Without a $36 per year subscription, LastPass now limits users to one device type—mobile or computer—per account. That means free users must choose between accessing their passwords on either a laptop and a phone, which isn’t much of a choice for a lot of people.
While I’m not fundamentally opposed to paying for useful services, I don’t like being forced to pay for something when a company can’t make its freemium business model work. With password managers in particular, there are plenty of other options, both free and paid, that work just as well as LastPass did.
And so, I took my years of LastPass passwords and moved them over to Bitwarden, another password manager that’s free for basic personal use. The transition was mostly painless, though I ran into a few snags along the way.
While my colleagues Michael Ansaldo and Alaina Yee have written a full Bitwarden review, I thought I’d relate a bit more about my personal experience with the software, plus some ways to make it work even better.
Password managers: A recap
As a refresher, password managers are a great way to break the bad habit of using the same or similar passwords across multiple apps or websites, or even having to remember lots of passwords in the first place. Here’s how it works, using Bitwarden as an example:
Create a Bitwarden account and set up a master password—ideally one that’s both strong and memorable. You’ll need this if you haven’t logged into Bitwarden in a while or if you’re setting up a new device, so consider writing it down and locking it away in a safe place.
Whenever you log into a site with your web browser, Bitwarden will show a message offering to save your login credentials. Do this every time.
While signing up for new services, use Bitwarden’s extension or app to generate strong passwords (like “7S$b@!QBA12”).
When signing into an account, use Bitwarden to fill in those login details.
This admittedly sounds like a hassle, which is why I suspect a lot of folks don’t bother. But once you develop the muscle memory of using a password manager, it’s hard going back to not having one.
Why use Bitwarden as your password manager?
I’ll be honest: I picked Bitwarden mainly because it’s free, but also because it’s open-source, comes recommended by writers I trust, and works across a broad range of devices.
These days, you’ll find that the big tech companies have been beefing up their own password management features. On iOS and Mac, for instance, Apple can generate secure passwords on websites and in apps, and it now offers a Chrome extension for Windows. But looking up your passwords can be a pain if you need to do so manually, and there’s no support for Android devices, Chromebooks, or the Firefox browser. The password management features of Microsoft Edge and Google Chrome have their own limitations that can hinder you from using certain browsers, and besides, I like the idea of not tying all my online credentials to a tech behemoth.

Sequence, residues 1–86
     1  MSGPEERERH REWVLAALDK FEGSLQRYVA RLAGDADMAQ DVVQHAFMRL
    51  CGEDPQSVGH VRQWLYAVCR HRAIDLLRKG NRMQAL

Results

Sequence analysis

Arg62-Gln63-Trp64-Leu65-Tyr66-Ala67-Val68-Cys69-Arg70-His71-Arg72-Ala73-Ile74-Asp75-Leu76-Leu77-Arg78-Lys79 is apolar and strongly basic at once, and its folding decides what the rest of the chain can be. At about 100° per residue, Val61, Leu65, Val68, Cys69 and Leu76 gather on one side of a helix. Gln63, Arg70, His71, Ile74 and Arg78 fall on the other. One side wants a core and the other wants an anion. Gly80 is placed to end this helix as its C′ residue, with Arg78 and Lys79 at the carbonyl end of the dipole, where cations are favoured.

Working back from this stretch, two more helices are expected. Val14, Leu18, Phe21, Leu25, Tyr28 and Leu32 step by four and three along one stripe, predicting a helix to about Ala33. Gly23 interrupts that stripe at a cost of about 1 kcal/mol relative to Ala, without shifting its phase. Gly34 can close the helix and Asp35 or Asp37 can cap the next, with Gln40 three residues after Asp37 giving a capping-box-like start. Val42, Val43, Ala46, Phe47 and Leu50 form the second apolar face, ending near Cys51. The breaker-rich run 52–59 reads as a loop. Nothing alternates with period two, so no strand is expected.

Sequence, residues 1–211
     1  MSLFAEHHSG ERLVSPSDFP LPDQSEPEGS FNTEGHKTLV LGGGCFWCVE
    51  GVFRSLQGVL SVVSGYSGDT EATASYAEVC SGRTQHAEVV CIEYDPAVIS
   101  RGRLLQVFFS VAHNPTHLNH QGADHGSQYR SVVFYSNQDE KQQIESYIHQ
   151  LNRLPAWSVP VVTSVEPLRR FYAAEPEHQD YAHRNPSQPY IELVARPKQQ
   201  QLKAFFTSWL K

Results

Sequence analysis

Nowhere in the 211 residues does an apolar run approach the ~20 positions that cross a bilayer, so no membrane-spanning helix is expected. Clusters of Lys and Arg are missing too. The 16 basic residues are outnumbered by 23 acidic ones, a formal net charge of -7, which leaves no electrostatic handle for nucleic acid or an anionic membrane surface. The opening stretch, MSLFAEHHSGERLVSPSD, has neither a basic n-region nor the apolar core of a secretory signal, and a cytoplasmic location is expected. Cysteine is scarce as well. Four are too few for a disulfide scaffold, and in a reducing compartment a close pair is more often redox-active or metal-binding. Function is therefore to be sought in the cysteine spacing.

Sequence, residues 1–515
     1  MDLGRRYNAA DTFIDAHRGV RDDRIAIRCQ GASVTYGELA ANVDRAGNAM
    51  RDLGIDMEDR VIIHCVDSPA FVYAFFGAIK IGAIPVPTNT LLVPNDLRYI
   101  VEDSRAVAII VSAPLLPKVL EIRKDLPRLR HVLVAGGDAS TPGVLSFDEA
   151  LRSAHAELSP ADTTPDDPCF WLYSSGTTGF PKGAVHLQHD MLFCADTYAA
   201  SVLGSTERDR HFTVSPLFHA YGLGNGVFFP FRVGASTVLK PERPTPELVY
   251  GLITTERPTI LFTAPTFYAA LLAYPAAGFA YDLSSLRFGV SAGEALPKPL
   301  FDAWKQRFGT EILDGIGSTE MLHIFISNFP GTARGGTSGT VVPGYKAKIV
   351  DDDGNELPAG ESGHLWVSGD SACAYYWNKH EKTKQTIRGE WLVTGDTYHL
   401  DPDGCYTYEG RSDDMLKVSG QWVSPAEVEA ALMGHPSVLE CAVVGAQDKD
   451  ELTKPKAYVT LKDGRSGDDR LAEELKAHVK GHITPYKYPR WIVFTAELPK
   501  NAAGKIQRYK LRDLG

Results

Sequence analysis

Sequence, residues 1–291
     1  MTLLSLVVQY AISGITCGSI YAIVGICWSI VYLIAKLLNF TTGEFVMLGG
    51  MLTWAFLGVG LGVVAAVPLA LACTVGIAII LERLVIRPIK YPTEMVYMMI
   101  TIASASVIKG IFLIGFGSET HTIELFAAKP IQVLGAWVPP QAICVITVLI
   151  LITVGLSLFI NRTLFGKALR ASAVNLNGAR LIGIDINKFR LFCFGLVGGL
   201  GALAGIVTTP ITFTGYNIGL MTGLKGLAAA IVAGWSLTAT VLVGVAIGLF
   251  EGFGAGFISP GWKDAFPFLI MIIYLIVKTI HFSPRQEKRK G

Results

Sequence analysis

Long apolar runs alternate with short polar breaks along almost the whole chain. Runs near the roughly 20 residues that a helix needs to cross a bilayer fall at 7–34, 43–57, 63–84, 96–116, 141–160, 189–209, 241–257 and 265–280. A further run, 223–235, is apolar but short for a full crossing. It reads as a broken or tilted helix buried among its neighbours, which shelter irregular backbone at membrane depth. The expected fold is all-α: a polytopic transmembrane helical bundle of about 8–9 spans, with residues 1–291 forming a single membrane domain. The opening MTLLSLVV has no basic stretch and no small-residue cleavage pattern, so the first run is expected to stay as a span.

In the long run, I think those built-in solutions will end up replacing password managers for a lot of people anyway, but I don’t think they’re quite ready yet. Bitwarden, meanwhile, is pretty much a drop-in replacement for LastPass, minus the subscription fees. Plus, Bitwarden’s migration guide made switching from LastPass super easy.
Making Bitwarden better
That’s not to say Bitwarden was perfect out of the box. To preserve some of LastPass’ creature comforts, I had to make a handful of tweaks.
On the web, for instance, I suggest heading to Settings > Options and checking “Enable Auto-fill On Page Load,” which fills your info on most login forms without any interaction on your part. Also under Settings, consider changing the Vault timeout action to “Lock,” then enabling “Unlock with PIN” or “Unlock with biometrics,” so you can avoid having to re-enter your master password whenever you open your browser.
Jared Newman / Foundry
You’ll also want to hook Bitwarden into your phone’s auto-fill settings. That way, when you save a login through Bitwarden’s extension, you can quickly access it through apps and websites on your phone.
On iOS, head to iOS Settings > Passwords > AutoFill Passwords, then check off Bitwarden.
On Android, head to Bitwarden Settings > Auto-fill Services, then check off “Auto-fill Service.” This brings up another menu where you can select Bitwarden as your password source. (I’d suggest enabling the “Accessibility” and “Draw-Over” options as well.)
Jared Newman / Foundry
Finally, make sure to set up biometric unlocking in BItwarden’s mobile apps, so you don’t have to re-enter your master password for every login. You’ll find the “Unlock with Biometrics” or “Unlock with FaceID” option in the Bitwarden settings menu.
Free vs. Paid
Of course, Bitwarden isn’t just a free service. A $10 per year upgrade lets you generate authentication codes for services that offer two-step logins, plus it provides encrypted file storage and “health reports” that warn you of any compromised passwords. Many of these perks, however, can be worked around with other free services.
For instance, I’m using Authy for two-factor authentication codes. And if you use Chrome or Edge, you can simultaneously save your logins in either browser to take advantage of their respective leak alerts. For encrypted storage of sensitive documents, I use OneDrive’s Personal Vault feature.
Hopefully, BitWarden can do a better job upselling people to its paid service than LastPass did. But if not, this whole exercise has left me ready to switch again.
This story first appeared in my Advisorator newsletter. Sign up to get tech tips in your inbox every week.
Jared Newman has been helping folks make sense of technology for over a decade, writing for PCWorld, TechHive, and elsewhere. He also publishes two newsletters, Advisorator for straightforward tech advice and Cord Cutter Weekly for saving money on TV service.